Hopkins Public Schools parents expressed outrage after learning elementary students will participate in a “gender, sexuality, LGBTQ+” lesson next week.
According to an email screenshot provided to Alpha News, the lesson will be led by MyHealth on May 6 and is an “introduction to gender and sexuality.”
“Students learn the definition of letters in LGBTQIA+ and how to use and respect other’s pronouns. Educators will also work through the Gender Unicorn, discussing gender expression, gender identity, sex assigned at birth, and sexual orientation,” the email states.
In addition, students will brainstorm and learn how to make the “schools and shared spaces inclusive and welcoming to all.” Sixth-grade students at Eisenhower Elementary along with two other elementary schools will sit through the lesson.
“This looks to me like this is something that’s being pushed on teachers and students by the administration,” a parent told Alpha News. “This should be left to parents. When I went to school we were taught academics, which are what schools are supposed to do. Not all the ideology stuff. I think right now the ideology is getting more important in schools than actual academics.”
The parent said they’ve opted their child out of the lesson, but they’re concerned the student will receive pushback.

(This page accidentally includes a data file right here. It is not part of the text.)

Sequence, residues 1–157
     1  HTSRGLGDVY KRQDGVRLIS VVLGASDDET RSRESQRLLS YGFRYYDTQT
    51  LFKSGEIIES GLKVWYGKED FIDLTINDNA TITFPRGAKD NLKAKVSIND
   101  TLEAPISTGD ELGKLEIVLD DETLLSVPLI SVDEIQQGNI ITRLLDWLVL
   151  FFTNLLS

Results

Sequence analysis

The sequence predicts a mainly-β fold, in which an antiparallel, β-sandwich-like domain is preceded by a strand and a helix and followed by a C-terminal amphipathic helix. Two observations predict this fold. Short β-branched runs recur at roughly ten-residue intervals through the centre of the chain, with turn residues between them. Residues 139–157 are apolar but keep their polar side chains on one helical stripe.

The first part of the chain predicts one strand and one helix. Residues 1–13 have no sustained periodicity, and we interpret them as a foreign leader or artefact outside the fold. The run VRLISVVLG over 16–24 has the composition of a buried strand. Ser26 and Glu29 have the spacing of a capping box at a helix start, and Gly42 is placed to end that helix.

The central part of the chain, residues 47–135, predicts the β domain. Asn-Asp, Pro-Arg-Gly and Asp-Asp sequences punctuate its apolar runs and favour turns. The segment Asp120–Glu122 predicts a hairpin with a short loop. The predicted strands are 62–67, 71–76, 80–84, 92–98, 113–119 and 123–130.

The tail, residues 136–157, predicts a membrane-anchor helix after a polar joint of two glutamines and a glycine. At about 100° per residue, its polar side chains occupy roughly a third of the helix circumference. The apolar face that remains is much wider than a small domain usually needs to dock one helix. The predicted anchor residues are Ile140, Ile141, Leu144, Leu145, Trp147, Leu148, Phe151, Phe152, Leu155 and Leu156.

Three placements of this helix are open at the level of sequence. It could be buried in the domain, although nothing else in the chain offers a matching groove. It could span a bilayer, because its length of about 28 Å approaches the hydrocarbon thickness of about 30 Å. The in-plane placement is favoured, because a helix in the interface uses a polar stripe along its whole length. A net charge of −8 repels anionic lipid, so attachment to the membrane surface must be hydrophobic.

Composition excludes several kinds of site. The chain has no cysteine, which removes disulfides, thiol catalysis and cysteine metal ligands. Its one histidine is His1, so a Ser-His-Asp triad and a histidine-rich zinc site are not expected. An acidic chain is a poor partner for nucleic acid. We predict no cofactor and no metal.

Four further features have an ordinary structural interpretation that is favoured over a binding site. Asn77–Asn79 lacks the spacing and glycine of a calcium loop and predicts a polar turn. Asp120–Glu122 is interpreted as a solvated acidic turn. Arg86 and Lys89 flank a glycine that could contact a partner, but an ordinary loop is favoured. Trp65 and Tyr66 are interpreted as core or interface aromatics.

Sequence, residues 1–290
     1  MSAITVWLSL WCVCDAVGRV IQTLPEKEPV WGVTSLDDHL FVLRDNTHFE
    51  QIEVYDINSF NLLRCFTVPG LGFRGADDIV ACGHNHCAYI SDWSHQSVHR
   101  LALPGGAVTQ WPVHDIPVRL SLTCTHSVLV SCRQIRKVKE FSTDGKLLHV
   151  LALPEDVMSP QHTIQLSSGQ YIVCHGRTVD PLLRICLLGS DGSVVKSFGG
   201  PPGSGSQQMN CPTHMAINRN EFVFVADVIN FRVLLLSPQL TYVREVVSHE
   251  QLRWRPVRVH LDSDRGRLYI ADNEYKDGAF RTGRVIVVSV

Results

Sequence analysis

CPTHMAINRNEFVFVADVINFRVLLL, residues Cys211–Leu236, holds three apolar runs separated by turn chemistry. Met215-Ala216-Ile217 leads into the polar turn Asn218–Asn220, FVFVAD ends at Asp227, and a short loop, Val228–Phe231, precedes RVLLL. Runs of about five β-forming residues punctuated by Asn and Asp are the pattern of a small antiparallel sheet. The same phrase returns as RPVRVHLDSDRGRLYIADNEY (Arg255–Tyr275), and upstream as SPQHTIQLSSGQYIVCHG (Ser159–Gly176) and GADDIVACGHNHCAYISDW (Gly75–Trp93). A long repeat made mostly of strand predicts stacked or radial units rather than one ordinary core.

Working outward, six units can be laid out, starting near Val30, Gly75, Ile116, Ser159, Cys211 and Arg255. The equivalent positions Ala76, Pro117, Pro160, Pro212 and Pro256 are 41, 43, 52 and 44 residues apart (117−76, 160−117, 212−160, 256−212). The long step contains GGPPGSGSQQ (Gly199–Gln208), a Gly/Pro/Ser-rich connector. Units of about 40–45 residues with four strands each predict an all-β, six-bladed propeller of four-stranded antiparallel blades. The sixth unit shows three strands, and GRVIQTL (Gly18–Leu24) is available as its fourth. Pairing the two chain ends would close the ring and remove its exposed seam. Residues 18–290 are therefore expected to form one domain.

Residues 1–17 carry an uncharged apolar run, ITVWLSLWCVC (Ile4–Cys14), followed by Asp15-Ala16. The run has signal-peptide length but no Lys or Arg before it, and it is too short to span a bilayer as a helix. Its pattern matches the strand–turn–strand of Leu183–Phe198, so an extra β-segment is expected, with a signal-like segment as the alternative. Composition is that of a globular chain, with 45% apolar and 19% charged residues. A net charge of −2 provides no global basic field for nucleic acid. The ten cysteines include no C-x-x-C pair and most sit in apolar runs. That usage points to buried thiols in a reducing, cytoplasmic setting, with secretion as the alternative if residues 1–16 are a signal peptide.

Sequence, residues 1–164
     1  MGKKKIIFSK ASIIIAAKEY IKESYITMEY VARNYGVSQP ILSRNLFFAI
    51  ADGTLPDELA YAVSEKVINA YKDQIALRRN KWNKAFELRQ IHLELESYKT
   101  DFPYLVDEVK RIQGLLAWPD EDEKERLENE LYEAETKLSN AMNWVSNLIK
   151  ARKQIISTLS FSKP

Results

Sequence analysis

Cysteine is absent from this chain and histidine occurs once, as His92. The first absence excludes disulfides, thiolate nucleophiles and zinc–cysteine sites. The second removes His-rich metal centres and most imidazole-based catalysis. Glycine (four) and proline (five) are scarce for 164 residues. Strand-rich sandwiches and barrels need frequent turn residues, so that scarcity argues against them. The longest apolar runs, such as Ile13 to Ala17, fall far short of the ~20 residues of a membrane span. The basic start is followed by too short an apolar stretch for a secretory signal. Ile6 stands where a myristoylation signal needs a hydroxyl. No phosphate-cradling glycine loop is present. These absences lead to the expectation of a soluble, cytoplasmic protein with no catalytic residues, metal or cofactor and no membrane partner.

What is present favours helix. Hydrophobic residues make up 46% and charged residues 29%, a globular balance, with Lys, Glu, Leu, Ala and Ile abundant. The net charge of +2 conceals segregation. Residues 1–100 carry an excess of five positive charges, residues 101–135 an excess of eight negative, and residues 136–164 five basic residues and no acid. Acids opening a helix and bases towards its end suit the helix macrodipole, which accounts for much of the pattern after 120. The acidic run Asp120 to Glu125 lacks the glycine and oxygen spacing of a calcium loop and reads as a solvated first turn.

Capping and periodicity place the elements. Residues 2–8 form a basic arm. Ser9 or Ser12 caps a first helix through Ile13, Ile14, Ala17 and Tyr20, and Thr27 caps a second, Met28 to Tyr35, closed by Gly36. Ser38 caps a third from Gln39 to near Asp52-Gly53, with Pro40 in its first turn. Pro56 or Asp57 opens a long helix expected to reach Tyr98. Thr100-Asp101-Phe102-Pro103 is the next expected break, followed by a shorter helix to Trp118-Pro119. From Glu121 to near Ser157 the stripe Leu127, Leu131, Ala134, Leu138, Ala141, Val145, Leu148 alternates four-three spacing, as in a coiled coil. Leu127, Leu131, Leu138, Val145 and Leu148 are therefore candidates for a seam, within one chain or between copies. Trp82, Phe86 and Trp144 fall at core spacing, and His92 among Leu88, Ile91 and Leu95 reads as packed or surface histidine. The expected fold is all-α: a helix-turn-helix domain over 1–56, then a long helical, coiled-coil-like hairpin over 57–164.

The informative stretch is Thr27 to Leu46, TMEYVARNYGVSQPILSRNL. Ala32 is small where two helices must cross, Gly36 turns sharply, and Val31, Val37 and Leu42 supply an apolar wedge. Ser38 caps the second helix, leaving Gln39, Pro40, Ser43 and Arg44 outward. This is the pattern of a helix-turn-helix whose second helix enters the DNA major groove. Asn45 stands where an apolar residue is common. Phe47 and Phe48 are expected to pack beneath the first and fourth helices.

“If other classmates see [my child] out in the hallway, they will ask [my child] why [my child] has not been in class,” the parent said.
Despite this being the first year Eisenhower will teach the gender and sexuality lesson, a spokesperson for the school district told Alpha News that “sixth-grade is a very typical time for students to receive puberty and human sexuality units.” The spokesperson noted that “this is universal across most schools.”
“Hopkins Public Schools is an inclusive school district that is committed to an affirming environment for all,” the spokesperson said. “Helping students understand that difference is okay and respected creates a safer learning environment, reduces bullying, and helps develop empathy in our students.”
What children are taught in school has become a hot topic across Minnesota.
Alpha News reported last week that the principal at Kenwood Trail Middle School in Lakeville, Minn., promoted a “day of silence” during which students refrained from speaking to protest for LGBTQ causes.
Stillwater middle schoolers were also encouraged to partake in the event, which is organized at a national level each year by the Gay, Lesbian & Straight Education Network (GLSEN).
Last month, the Minnesota Senate passed a bill that would require teachers to provide class syllabi to parents within the first two weeks of school. The bill is the third of five in the Senate GOP’s “Parents’ Bill of Rights,” a package of bills designed to give parents a greater say in the education of their children.